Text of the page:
Today is the 35th anniversary of the infamous snowplow game which was held on Dec. 12, 1982. It was without a doubt one of the strangest games I have ever been a part of.
I remember it was one of the few times that we went up to play the Patriots that we actually stayed in downtown Boston. I woke up that morning and looked out the window and just saw snow everywhere. I could see it was going to be that kind of day. It was always tough for us to play up in New England, but during the game the snow was on the field nonstop. They had a guy who turned out to be on work release, Mark Henderson, who went straight out of jail to the sidelines.
Security wasn't nearly as strong then as it is now. During every break, he would drive the snowplow and clear off the yard lines just so you could see where you were out on the field. He was doing that throughout the game. There were two field goal attempts in the game and neither was made. The kickers couldn't get any footing because under the snow there was ice. I remember standing on the field and they were going to attempt another field goal and I see the snowplow going on the field. I didn't think anything of it because he had been clearing the yard lines and it was a stop in play. He got about 10 or 15 feet away from me then he veered back on to the field and went right to where the kicker was and he cleared out a path for him. Their kicker (John Smith) then kicks the only field goal of the game and we lose 3-0.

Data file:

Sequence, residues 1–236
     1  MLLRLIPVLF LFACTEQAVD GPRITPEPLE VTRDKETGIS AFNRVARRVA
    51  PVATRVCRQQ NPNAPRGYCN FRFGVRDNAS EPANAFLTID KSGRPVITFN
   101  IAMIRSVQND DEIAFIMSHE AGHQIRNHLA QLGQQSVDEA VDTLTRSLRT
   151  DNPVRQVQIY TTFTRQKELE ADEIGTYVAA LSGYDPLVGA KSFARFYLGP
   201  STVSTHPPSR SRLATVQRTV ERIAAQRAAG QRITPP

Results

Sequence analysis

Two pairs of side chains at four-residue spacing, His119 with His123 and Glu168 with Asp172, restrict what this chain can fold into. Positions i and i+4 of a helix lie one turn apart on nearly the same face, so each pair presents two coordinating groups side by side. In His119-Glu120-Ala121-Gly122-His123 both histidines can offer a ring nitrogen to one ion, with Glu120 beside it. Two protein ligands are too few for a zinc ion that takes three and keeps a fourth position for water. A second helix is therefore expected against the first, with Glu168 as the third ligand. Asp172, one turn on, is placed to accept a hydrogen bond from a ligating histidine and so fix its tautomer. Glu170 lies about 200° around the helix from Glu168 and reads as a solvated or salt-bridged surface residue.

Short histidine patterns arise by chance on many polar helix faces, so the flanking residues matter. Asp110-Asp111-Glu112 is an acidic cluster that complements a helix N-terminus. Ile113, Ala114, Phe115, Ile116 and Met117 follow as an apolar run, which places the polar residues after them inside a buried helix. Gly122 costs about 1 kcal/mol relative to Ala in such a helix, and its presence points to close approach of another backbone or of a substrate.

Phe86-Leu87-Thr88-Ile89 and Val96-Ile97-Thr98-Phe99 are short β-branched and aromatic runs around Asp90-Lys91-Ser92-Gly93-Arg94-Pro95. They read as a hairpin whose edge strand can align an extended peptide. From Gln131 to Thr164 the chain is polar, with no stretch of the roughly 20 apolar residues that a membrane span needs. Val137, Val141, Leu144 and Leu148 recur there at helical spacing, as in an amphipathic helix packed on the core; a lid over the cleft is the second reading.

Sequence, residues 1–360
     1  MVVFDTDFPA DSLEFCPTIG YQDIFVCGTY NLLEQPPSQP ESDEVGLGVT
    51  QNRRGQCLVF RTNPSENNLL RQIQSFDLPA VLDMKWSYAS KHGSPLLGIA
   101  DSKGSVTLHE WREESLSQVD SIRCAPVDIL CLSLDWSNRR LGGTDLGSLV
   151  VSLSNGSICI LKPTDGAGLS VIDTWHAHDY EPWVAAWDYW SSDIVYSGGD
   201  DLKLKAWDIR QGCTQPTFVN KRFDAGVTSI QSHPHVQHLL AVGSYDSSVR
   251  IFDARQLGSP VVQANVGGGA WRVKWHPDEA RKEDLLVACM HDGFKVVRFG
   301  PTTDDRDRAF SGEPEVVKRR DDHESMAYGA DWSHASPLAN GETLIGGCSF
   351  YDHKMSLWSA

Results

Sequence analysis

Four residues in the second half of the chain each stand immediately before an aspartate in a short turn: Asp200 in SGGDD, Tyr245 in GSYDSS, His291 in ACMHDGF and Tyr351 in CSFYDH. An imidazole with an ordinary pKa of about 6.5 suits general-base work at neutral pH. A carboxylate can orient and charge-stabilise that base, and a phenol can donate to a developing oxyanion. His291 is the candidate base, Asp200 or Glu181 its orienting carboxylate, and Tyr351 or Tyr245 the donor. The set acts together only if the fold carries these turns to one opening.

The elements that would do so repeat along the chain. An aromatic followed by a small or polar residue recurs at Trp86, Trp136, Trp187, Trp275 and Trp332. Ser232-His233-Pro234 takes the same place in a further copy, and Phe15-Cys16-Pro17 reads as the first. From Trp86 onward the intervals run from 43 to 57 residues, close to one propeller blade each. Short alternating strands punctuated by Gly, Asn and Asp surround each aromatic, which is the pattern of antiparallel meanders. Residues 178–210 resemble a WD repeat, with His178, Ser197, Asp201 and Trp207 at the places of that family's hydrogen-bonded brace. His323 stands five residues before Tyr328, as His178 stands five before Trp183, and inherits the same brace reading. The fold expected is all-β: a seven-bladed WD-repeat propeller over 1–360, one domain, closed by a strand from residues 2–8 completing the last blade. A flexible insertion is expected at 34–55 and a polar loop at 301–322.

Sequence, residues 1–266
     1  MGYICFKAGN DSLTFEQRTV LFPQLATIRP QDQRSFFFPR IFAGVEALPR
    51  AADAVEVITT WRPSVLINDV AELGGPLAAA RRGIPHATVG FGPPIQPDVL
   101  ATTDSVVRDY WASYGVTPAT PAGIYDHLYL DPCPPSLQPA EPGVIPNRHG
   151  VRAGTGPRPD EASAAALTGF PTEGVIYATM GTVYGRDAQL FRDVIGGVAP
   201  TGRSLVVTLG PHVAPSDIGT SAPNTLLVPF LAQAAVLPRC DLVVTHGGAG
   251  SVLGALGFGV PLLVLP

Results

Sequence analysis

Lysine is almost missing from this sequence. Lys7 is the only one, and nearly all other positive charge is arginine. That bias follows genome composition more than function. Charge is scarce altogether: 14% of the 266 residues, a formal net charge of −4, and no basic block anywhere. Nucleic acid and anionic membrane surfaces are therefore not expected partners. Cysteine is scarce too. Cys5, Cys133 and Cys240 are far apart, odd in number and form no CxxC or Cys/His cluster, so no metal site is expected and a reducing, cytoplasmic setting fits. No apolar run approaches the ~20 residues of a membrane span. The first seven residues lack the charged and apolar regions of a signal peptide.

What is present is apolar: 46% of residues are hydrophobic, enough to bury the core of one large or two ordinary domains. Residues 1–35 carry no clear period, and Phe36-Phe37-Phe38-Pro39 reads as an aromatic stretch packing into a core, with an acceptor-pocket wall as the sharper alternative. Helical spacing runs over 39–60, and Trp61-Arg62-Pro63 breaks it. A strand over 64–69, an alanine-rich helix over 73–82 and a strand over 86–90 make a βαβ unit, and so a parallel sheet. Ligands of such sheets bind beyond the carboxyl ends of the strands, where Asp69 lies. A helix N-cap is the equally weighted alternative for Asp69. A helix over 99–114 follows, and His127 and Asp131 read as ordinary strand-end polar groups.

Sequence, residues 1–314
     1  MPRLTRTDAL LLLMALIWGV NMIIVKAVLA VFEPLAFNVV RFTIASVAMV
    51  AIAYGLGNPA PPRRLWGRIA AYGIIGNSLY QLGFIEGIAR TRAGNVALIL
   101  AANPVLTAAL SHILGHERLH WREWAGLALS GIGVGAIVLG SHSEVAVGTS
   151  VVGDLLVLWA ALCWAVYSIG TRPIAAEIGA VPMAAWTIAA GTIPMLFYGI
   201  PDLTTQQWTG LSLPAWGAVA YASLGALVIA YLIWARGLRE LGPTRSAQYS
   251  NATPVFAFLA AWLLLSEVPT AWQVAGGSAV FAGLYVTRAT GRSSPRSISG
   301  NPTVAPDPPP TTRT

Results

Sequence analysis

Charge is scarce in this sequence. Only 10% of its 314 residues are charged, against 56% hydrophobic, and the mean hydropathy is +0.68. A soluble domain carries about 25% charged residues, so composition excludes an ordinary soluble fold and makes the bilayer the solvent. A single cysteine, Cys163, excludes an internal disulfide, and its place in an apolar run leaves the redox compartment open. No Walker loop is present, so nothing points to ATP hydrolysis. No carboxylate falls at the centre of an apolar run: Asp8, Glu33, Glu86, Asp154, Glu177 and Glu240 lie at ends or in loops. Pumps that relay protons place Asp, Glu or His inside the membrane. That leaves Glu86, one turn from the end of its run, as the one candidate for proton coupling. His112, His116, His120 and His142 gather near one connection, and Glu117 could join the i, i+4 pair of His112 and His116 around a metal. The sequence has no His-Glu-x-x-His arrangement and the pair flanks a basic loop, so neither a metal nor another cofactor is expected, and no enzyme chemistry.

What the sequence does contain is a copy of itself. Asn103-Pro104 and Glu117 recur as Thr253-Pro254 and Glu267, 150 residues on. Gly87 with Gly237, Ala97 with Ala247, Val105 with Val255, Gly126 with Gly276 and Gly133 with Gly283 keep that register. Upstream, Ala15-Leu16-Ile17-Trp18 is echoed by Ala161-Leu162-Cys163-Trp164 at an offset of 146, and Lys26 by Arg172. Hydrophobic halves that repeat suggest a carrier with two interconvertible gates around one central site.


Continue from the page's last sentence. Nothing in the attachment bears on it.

Coach (Don) Shula started yelling from the sideline. He was just livid. The one thing about Coach Shula is that we were always the least penalized team in the league. He believed in the letter of the law. If it wasn't legal he wasn't going to do it. Even if he could gain an advantage, he wasn't going to do it. So anytime anyone circumvented the rules, he just went livid. He was beside himself on the sideline though out the whole thing, but, obviously, nothing ever came about it.
Later that same season, we played the Patriots in a playoff game in the Orange Bowl. I remember coming out to the field and seeing a pile of snow with a snowplow sitting on top of it in the west end zone. I thought that kind of motivated us that day and I'm sure it kind of affected them as well.
It's funny, the Dolphins played up there many years later when they were closing the stadium before they moved into Gillette Stadium. They had a ceremony where they brought back some of the legends who had played there like Russ Francis and Steve Grogan. I'll never forget who got the loudest ovation. It was Mark Henderson.